OBAMA administration officials and congressional Democrats have renewed their call to increase the federal minimum wage, visiting businesses that pay above the wage floor for entry-level work. Yet those examples don’t prove the need for a higher federal minimum wage. They actually prove that such laws are unnecessary.
Labor Secretary Thomas E. Perez and U.S. Rep. George Miller, D-Calif., recently met with kitchen workers at Sweetgreen, a District of Columbia restaurant that offers a starting salary of $8.50 an hour.
Perez said Sweetgreen shows that, “You don’t have to make a profit on the backs of your workers.” But the fact that Sweetgreen already pays a starting wage above the federal minimum shows that market forces alone can drive up wages. Federal intervention is unnecessary.
Left unsaid was the fact that Sweetgreen’s higher wage is still less than the $10.10 hourly minimum Democrats want. This suggests the proposed rate is financially unfeasible.
A minimum wage increase can have only two outcomes. One is to raise the official minimum wage to a level still below the informal rate already imposed by market forces. In that case, a wage law has no real effect; it merely provides opportunity for political grandstanding. But in cases where the law raises the minimum wage above market levels, it leads to fewer jobs, harming entry-level workers the most.
The Manzella Report, which provides business and economic analysis, notes that seven countries in the European Union have no mandatory minimum wage while 21 EU countries have one. In 2012, the mandatory minimum wage countries had an average unemployment rate of 11.8 percent. In the seven countries without a mandated minimum wage, the unemployment rate was 7.9 percent.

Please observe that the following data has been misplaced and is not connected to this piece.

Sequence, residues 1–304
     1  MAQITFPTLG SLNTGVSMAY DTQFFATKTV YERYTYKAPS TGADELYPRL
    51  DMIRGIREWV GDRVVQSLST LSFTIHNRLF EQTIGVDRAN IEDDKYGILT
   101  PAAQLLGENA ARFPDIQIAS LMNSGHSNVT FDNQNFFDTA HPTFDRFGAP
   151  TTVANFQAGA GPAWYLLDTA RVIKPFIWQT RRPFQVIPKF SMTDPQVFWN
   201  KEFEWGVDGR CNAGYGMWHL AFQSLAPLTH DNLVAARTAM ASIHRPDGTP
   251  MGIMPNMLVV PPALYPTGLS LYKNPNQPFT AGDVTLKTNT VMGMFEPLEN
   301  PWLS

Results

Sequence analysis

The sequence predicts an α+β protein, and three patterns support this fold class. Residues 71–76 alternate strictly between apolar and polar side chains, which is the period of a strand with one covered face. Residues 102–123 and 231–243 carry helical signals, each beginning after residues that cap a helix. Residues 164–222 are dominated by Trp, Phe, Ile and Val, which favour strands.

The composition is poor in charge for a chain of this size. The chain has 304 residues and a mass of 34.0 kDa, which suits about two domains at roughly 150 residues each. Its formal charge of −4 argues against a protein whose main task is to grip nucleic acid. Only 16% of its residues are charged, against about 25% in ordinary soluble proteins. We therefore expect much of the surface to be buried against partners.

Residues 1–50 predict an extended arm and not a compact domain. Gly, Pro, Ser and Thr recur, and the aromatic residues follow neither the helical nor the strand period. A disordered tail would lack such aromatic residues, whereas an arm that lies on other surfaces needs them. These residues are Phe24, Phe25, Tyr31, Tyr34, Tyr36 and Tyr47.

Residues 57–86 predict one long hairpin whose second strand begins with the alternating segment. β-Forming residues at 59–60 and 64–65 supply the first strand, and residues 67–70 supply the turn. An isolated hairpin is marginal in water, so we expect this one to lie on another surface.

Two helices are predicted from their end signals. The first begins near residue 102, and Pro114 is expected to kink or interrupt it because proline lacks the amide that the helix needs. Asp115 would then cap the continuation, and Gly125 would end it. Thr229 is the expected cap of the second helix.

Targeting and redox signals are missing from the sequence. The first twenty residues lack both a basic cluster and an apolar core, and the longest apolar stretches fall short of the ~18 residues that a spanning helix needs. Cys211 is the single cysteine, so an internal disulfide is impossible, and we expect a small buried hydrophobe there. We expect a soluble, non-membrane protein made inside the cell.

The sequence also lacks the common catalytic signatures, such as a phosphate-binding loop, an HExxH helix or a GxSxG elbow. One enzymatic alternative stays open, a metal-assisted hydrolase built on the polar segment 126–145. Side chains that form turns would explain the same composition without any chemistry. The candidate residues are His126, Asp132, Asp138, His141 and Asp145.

In a recent column, Diana Furchtgott-Roth, former chief economist of the Department of Labor and director of Economics21, noted that liberal groups ignore the trade-offs created by excessive minimum wage policies. When the Restaurant Opportunities Center, a union-funded organization, conducted an event to highlight New York City restaurants paying workers more than minimum wage, the intent was to show businesses could pay workers far more. But Furchtgott-Roth said the average price of a burger and fries at the profiled restaurants was $20.50. This means a family of four would pay $82 for burgers at those establishments, compared with perhaps $15 at McDonald’s. Most customers can’t afford $20 burgers; therefore, most restaurants can’t duplicate that business plan and survive.
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